In the half-dozen trips I’ve taken to Kurdistan, not ONCE have we been able to finish the food on our table, whether we’re a party of two or of 8. Part of the charm and tradition of Kurdish hospitality is cooking and serving too much… that way if others drop by, there’s always some to spare.
At Shkar Restaurant, a popular local hangout in Sulaimaniya, the tradition is alive and well. To start, a server wheels a cart to your table and drops off chicken soup for each diner. He shows off a small platter of assorted mezze.
“Interested?” he asks.
Sure, we say. Bring us each a small appetizer plate… for $3, it can’t be THAT much, right?
WRONG. We’re each served an assortment of 4 or 5 salads, dips, and vegetables, piled high enough to make the plate groan. Another waiter wanders by with arms full of hot bread, fresh off the griddle. He plops 3 down in a basket – one for each of us, but each disc bigger than our torsos. We haven’t spent $10 yet and already it’s too much.
For lunch? A simple menu of meat dishes and rice dishes: kebab, donner, grilled meat, biryani, Kurdish rice, couscous. We each select a meat and decide on several starches to share.
I choose turkey – which is rare on menus outside the United States – and is served here boiled in a broth… as near to fall-off-the-bone as a turkey can get. My friends order various cuts of meat; one looks like lamb shank, the other like oxtail.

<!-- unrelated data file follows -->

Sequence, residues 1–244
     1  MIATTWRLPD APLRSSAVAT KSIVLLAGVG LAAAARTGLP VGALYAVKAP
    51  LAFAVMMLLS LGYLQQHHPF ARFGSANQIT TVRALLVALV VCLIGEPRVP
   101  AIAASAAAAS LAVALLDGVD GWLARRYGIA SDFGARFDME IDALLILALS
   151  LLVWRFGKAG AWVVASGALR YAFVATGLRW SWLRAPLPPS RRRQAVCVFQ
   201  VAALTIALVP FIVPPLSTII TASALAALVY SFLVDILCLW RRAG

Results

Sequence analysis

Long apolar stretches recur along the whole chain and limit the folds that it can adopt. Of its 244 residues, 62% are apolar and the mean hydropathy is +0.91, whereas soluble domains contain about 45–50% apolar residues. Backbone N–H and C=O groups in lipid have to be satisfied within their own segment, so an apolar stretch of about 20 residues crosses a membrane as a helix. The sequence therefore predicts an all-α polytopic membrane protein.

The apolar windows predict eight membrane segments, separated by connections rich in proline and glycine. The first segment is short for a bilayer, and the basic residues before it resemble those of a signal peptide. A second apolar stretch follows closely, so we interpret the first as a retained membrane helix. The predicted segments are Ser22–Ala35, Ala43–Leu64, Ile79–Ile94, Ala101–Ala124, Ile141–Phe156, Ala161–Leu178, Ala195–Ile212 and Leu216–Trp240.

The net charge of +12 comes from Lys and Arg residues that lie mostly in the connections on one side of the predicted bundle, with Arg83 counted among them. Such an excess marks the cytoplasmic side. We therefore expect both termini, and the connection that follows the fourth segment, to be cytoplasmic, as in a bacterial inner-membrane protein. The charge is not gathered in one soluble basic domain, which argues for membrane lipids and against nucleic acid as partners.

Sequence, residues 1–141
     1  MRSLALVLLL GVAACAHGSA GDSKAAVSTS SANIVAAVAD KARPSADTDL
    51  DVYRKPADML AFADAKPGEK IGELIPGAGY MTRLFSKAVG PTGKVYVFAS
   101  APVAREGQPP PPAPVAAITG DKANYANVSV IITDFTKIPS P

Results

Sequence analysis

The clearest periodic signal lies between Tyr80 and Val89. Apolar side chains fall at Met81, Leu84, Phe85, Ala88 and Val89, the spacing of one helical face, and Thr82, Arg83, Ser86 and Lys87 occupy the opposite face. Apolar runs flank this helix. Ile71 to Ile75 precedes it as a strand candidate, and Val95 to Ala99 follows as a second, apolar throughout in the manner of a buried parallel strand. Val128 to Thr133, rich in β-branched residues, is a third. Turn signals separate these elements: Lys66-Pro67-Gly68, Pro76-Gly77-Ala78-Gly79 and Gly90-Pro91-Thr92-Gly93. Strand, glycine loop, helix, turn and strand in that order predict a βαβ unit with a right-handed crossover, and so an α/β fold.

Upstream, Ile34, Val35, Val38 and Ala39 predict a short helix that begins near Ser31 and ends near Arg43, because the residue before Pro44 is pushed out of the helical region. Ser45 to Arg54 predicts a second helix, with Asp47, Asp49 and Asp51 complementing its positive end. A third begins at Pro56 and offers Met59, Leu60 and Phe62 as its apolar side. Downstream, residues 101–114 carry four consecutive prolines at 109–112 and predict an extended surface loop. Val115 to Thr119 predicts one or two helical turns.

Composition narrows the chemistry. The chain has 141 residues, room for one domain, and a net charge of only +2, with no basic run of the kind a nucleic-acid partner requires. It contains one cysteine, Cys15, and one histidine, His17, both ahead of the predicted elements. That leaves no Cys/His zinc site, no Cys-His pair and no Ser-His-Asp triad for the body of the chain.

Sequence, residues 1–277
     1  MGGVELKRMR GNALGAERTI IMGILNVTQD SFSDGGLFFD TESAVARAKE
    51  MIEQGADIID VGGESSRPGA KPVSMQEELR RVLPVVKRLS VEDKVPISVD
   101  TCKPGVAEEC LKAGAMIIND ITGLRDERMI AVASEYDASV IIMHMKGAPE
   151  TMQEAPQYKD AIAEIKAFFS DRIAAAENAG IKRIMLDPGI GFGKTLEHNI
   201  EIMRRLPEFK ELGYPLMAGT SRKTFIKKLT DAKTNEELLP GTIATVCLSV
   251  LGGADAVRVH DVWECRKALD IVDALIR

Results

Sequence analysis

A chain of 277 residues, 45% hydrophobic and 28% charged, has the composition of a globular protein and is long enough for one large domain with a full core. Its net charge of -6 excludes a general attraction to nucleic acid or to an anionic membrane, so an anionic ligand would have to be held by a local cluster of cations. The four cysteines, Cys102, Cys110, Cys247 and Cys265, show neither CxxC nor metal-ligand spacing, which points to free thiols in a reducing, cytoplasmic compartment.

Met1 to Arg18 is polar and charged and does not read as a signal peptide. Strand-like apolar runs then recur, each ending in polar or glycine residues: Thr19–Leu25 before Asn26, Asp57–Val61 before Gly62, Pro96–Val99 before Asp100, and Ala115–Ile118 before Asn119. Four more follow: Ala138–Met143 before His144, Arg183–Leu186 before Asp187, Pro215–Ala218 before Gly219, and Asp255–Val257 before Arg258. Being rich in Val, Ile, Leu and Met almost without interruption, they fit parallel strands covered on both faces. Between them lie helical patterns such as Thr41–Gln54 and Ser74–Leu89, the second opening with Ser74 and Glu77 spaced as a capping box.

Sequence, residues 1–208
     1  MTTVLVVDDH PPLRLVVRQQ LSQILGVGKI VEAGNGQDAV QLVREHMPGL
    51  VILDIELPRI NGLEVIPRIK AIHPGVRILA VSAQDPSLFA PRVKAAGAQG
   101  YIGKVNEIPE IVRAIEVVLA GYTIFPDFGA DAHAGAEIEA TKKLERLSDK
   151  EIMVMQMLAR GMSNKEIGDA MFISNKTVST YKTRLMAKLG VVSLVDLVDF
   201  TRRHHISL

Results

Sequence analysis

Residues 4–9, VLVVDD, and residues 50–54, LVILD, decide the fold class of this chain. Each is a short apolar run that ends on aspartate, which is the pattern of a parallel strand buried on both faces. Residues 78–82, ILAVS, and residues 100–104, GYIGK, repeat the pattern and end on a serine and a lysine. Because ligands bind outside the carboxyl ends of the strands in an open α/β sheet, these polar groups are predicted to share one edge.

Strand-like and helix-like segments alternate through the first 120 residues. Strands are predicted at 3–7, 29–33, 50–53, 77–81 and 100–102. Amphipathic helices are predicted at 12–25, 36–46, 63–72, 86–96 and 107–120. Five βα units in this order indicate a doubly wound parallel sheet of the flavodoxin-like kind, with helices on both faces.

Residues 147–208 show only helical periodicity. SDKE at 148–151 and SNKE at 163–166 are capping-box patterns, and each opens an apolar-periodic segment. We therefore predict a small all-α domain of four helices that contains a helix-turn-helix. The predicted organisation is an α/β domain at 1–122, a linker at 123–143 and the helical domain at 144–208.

And then the carbs arrive – oh, the carbs. A mountain of Kurdish couscous (which is tossed with tomato paste and spices); a platter of regular rice, the smaller grained Kurdish rice studded with corn kernels, and a sweet demilitarized zone between the two built of fideo noodles and raisins.
OK, fine. We can handle this. We start scooping and spooning onto our plates… until more dishes arrive, unbidden. Bowls of soft eggplant, okra poached in tomato sauce, beans, olives, a plate of raw vegetables, and a bowl of stewed, sweet dried apricots. A drinks man comes by. Sugar drink? Yogurt drink? Naaah.
We scoop and spoon and scoop and spoon until we can’t take any more… and still, the table is full. Two and a half naans are left; smaller but still impressive mountains of grains; all the vegetables, and a whole turkey haunch. Unfortunately, strangely, despite the excess, they don’t have doggy bags here… the trash cart comes by next, dumping the contents of each plate into the bag and stacking the dirty dishes.
We pay our reasonable bill and head out into the sun; fat and happy but perplexed at how much we left behind. Not far away from here people are hungry, having just escaped Syria, or Sinjar. The hospitality is epic, and lovely… but there’s a fine line between generosity and wastefulness, and I have the sneaking suspicion we just crossed it.